Around 12 million tonnes of coal was lost due to the absence of regulatory clearances in 2013-14 The Hindu has learnt.

This accounts for nearly 60 per cent of the 19.5 million tonne shortfall reported by Coal India Ltd (CIL) in the just closed financial year.

Enquiries revealed that of the 19.5 million tonnes, five million tonnes was lost due to Cyclone Phailin, two million tonnes due to CIL’s internal reasons, while as much as 12 million tonnes was lost due to delays in environment and forest clearances by the Central and State governments.

Delays in environmental and forest clearances occurred mostly in the Bhubaneswar-based Mahanadi Coalfields Ltd. (MCL), which accounted for 10.5 million tonnes of the 12 million tonnes lost. However, it also occurred in Northern Coalfields Ltd based in Varanasi and South Eastern Coalfields Ltd based in Chhattisgarh’s Bilaspur.

The single largest loss, of 6 million tonnes, was due to the delay in forest clearance at the Bharatpur Colliery in MCL.

“Since we already had on hand the Stage I clearances, we had expected the Stage II clearance, which is really just a formality, by October 2013. But this came in February 2014. We had environment clearance for 15 million tonnes but we had land only for 6 million tonnes and needed forest clearance for the remaining portion,” a senior official said, who did not wish to be identified.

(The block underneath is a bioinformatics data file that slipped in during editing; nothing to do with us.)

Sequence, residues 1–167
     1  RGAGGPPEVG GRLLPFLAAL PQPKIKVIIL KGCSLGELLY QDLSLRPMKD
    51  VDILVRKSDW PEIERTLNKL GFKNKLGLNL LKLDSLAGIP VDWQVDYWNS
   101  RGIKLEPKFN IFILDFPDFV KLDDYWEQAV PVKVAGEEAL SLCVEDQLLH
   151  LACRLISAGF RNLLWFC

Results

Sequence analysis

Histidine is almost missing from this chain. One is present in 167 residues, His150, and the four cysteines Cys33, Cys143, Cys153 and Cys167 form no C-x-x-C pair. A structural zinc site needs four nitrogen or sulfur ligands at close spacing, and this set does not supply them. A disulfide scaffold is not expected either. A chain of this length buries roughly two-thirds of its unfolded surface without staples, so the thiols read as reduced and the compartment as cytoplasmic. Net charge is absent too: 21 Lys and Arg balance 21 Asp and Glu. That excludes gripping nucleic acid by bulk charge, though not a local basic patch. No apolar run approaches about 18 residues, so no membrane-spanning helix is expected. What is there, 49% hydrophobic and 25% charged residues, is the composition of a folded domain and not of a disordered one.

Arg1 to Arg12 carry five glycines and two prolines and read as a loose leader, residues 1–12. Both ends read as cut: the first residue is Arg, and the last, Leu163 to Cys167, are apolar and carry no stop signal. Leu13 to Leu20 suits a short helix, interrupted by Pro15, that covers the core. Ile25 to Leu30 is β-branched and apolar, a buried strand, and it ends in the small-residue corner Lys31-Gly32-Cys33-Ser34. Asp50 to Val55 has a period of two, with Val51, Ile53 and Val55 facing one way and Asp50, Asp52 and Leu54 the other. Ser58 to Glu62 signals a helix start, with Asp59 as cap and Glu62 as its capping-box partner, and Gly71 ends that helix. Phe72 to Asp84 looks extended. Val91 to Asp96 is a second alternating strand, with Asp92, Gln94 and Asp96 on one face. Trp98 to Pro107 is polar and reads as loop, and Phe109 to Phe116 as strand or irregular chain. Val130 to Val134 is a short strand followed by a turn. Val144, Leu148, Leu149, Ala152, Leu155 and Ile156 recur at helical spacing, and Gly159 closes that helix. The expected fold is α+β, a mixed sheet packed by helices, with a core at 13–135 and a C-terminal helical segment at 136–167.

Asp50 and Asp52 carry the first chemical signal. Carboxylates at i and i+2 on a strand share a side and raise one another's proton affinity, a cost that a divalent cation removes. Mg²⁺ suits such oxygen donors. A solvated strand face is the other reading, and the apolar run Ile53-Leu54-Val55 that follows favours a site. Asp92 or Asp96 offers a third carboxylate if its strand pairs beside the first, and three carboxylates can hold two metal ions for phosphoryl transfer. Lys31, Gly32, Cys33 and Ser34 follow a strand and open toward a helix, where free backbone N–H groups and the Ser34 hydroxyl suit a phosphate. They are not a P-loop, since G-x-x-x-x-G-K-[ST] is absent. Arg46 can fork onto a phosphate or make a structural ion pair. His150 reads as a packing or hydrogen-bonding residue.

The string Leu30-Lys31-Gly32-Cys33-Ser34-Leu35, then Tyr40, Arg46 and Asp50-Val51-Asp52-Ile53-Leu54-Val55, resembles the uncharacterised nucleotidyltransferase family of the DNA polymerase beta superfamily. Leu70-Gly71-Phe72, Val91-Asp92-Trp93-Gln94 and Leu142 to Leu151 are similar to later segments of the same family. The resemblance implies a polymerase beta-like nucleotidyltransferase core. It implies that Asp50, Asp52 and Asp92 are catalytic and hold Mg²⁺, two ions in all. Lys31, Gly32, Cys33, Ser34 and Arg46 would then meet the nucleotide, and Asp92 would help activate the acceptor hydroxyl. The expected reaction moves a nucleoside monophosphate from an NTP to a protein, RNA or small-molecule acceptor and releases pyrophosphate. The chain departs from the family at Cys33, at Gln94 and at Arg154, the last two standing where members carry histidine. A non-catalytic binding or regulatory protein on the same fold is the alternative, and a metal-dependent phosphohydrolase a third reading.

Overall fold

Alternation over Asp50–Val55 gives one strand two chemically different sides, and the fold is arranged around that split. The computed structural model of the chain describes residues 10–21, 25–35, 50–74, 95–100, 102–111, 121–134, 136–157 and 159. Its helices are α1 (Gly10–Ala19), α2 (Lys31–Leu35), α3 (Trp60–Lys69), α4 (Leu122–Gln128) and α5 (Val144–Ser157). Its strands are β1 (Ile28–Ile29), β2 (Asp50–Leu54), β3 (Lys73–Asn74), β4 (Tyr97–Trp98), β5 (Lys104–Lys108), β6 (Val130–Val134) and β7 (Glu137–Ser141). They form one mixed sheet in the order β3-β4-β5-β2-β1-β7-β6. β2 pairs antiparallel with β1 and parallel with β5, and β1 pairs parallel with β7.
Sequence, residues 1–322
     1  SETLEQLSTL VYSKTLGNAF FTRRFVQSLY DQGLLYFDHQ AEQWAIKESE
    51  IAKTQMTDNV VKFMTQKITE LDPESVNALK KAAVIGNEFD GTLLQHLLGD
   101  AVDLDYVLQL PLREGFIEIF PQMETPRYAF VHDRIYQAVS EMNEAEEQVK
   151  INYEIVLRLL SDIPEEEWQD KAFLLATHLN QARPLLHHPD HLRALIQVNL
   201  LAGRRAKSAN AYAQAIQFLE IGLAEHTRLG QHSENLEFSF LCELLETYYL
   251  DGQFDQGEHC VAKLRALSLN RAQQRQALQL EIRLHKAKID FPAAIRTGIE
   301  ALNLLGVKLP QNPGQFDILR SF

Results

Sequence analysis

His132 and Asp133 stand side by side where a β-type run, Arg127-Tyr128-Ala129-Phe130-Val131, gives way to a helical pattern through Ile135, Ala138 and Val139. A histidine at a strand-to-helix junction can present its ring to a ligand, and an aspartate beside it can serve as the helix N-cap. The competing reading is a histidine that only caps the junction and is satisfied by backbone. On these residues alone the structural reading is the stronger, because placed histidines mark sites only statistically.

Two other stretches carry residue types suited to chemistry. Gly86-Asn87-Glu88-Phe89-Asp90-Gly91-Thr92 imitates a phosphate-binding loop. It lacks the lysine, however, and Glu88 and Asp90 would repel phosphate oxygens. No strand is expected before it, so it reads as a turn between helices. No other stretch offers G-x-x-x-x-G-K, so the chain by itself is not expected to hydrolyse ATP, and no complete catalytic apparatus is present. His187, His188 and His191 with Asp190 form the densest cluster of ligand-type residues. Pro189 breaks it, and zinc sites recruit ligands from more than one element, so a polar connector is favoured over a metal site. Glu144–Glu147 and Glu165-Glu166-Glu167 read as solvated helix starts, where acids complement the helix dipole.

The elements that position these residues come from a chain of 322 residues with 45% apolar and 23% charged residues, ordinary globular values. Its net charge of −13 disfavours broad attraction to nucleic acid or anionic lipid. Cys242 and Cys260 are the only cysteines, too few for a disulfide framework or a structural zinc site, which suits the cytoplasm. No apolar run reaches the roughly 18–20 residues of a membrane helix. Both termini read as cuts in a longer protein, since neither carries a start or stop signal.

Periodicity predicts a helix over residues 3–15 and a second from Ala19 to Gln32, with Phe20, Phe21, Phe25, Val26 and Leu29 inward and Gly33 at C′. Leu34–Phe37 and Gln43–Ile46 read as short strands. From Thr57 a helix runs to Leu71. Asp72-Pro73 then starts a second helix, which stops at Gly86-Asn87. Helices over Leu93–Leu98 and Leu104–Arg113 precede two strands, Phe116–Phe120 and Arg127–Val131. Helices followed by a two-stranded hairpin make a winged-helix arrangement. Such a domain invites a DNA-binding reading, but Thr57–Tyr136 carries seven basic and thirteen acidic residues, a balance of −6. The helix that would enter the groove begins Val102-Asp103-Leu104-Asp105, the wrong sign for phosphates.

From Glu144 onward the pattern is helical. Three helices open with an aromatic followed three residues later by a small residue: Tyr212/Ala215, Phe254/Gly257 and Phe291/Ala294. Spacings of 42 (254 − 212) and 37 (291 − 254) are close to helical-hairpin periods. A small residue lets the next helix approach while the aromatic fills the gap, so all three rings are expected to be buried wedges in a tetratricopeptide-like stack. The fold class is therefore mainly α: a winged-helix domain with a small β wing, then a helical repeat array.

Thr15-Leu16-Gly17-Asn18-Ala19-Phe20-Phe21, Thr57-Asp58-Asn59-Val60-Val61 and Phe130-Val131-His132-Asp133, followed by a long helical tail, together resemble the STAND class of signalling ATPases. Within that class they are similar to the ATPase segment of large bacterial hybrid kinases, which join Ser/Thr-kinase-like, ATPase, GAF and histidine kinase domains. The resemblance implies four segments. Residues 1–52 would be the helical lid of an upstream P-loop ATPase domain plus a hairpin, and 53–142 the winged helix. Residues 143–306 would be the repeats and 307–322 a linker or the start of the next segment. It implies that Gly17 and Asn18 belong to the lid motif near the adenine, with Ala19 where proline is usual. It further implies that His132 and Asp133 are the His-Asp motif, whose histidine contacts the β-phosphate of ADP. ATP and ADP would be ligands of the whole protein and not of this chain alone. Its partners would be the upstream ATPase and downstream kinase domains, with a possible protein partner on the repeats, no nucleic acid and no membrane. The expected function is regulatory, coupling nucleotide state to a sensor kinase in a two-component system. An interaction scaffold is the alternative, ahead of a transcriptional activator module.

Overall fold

“In a similar manner, we lost production at the mines of Lakhanpur, also in MCL where we cut back our production from a potential of 40,000 tonnes daily to 2,000 tonnes just because the clearances were not in place,” sources said, adding that nearly 3.75 million tonnes was lost in this case.

Chasing a stiff target of 507 million tonnes in the current fiscal, CIL has decided to pursue the respective State governments for the clearances, which are often delayed due to bureaucratic reasons.

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